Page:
(b) If the share has not been disposed of by 1 July 2011, the capital distributions accumulated since valuation date to 1 October 2007 will be treated as a part disposal of the share on 1 July 2011. This will have the potential effect of including taxable capital gains in the taxpayer’s 2012 taxable income, resulting in the associated cash outflows.

3.3          Weighted average method – capital distributions prior to 1 October 2007

Where the base cost of identical shares is established by means of the weighted average method (as contrasted with the specific identification or first-in-first-out methods) it requires somewhat different treatment due to the inherent nature of the method. This treatment applies in the case of capital distributions that were received between valuation date and 1 October 2007, and is provided for in the paragraphs 76(2) and 76A(2). Paragraph 76(2) provides that these capital distributions must be treated as a reduction of the total cost of the shares, the result being divided by the total number of shares in arriving at an equivalent weighted average cost per identical share. This treatment was (and remains) in place to alleviate problems that could otherwise arise on disposal of part of a holding of
identical shares.

In certain cases, the reduction to the total cost of shares by the amount of any capital distributions received between valuation date and 1 October 2007 might have resulted in a negative base cost. If the base cost at 31 December 2010 is negative in the case of those shares still held and not disposed of as at 1 July 2011, the new paragraph 76A(2) provides that the shareholder must be treated as having a capital gain equal to that negative amount, and the base cost of the shares going forward must be treated as nil. The negative amount will have to be recognised as a capital gain as at 1 July 2011.

  1. Post 1 October 2007 capital distributions

Irrespective of the method to determine base cost, for capital distributions received after 1 October 2007, the formula discussed above will apply, namely:

(capital distribution/market value of entire holding as at the date of the distribution) x qualifying paragraph 20 expenditure (or paragraph 29(4) market value at valuation date, if applicable).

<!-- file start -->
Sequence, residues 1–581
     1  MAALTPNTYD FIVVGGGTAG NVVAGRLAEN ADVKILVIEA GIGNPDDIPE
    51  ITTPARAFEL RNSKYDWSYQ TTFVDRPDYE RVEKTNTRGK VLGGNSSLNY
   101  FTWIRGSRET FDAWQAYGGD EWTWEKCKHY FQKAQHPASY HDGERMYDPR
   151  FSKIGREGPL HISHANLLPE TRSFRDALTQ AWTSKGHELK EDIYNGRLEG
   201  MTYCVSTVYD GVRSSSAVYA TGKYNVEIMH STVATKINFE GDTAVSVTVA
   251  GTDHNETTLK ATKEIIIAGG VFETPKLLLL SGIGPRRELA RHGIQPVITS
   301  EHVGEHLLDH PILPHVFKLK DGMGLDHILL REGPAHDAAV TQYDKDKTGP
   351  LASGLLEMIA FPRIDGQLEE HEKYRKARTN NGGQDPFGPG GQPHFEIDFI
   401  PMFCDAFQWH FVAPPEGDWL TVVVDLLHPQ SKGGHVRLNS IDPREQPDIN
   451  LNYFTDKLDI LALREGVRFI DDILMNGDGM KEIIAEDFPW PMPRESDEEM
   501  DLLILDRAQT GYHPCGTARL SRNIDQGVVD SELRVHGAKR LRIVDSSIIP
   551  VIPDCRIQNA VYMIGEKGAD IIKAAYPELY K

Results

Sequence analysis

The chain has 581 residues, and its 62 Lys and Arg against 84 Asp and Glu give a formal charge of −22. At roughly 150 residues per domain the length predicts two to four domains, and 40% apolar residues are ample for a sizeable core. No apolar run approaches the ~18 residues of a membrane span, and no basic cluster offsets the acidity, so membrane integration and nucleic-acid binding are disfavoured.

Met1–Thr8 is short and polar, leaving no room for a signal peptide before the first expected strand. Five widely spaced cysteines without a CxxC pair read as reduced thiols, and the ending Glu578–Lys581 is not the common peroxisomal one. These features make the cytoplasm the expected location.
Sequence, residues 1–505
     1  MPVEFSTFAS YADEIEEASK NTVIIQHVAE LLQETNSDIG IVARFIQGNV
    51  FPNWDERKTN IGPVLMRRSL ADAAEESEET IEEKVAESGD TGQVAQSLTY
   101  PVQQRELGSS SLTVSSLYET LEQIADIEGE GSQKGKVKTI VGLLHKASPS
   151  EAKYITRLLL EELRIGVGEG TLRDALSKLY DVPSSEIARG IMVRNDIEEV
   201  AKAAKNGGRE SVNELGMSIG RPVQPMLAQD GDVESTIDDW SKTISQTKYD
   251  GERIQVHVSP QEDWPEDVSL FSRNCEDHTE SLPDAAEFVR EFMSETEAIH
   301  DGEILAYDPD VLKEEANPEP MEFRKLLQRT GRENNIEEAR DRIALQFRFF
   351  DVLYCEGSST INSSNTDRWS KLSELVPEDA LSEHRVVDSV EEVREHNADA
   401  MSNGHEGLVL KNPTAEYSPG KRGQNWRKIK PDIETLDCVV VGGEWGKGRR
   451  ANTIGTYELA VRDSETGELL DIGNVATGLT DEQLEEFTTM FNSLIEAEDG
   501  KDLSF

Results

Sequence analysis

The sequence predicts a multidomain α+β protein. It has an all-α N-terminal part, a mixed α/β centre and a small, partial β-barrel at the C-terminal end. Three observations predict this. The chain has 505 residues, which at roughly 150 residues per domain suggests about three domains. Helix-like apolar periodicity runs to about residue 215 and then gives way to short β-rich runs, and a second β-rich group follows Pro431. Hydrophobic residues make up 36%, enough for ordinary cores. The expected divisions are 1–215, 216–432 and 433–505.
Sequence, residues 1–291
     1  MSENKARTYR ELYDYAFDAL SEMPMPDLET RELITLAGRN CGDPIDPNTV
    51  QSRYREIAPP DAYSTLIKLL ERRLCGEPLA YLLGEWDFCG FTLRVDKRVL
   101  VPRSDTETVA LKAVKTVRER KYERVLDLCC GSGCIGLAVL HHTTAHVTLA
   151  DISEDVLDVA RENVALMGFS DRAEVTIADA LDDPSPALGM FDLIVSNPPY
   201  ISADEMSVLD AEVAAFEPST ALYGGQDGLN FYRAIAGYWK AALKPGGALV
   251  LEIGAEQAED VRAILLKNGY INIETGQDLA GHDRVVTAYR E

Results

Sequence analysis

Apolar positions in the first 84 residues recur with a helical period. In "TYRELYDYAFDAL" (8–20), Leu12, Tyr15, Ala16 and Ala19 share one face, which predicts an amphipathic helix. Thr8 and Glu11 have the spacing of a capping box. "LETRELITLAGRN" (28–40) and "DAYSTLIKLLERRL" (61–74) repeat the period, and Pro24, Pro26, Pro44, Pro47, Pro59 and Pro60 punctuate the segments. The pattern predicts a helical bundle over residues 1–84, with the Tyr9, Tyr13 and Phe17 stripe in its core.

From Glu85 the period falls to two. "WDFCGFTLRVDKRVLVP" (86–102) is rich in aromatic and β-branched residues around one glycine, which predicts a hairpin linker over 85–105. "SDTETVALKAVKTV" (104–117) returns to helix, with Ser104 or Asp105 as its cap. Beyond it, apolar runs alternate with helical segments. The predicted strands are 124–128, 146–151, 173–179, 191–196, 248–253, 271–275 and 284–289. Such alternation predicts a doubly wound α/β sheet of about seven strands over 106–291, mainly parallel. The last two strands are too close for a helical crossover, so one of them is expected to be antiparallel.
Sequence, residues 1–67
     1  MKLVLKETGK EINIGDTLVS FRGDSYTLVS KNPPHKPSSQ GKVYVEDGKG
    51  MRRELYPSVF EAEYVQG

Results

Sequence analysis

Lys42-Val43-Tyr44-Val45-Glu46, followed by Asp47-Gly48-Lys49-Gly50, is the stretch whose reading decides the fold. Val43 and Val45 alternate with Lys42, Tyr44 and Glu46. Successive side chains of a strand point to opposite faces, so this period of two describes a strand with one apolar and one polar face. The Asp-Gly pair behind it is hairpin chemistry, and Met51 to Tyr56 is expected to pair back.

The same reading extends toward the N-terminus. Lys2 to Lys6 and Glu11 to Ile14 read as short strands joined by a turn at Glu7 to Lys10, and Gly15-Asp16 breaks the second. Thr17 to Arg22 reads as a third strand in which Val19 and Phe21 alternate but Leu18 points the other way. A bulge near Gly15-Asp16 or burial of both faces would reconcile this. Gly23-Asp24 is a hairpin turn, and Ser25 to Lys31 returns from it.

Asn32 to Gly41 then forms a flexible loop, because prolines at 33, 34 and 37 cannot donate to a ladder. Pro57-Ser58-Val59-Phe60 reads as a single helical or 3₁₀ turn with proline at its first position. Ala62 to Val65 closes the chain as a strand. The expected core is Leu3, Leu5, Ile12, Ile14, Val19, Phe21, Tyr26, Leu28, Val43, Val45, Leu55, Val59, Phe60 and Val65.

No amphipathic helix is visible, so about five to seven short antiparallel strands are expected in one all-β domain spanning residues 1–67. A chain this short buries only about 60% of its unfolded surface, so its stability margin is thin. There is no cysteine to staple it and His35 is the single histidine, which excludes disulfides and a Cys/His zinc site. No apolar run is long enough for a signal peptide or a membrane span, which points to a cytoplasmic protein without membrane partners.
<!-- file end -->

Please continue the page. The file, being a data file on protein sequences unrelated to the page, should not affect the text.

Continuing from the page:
1. Dividends out of pre-acquisition profits

The proposed amendment to the dividend definition, by means of the insertion of paragraph (g) will also have CGT implications in terms of the rules for capital distributions. In terms of this amendment, with effect from 1 October 2007 any amount distributed to a shareholder that forms part of the same group (as defined in section 41 of the Act) is excluded from the definition of a dividend where that amount is treated as a reduction of the cost of the investment in accordance with ‘generally accepted accounting practice’ (that is, in the case of dividends paid out of pre-acquisition profits). The effect of this is that the company receiving the amount will not be able to treat it as a dividend accrued when determining its net dividend for STC purposes. Moreover, as the amount is not a dividend, it is a capital distribution, and must be treated as a part disposal in terms of paragraphs 76 and 76A. Fortunately the amount will not comprise a deemed dividend in terms of section 64C(2)(a), as it is excluded by means of section 64C(4)(a) – it is an amount that but for paragraph (g) of the dividend definition would have been a dividend.

  1. A point to note

Paragraph 76(1) and (2) was amended to exclude shares distributed in terms of unbundling transactions under section 46(1) of the Act. The base cost for such unbundled shares would be established by means of an apportionment of the base cost of the shares in the unbundling company, as they are effectively a replacement of part of the original shareholding. Therefore, the exclusion of such unbundled shares from the provisions relating to capital distributions in general is sensible. However, it should be borne in mind that this exclusion only relates to unbundlings in terms of section 46(1). Unbundled shares that do not qualify for the roll-over relief provided for in that section will be treated like any other capital distribution.

  1. Conclusion

Shareholders would be advised to take steps as early as possible to establish the details relevant to capital distributions they may have received in the past. It would be inadvisable to wait until a query is received from SARS, which has ready access to full details of capital and dividend distributions, share trades, etc.

Shareholders should also take cognisance of distribution notices received to determine whether a capital distribution or dividend has been received.

Craig West BCom, MCom, CA(SA) and Peter Cramer BCom (Hon), BCompt, MBA, CA(SA), are both senior lecturers in the Department of Accounting at the University of Cape Town.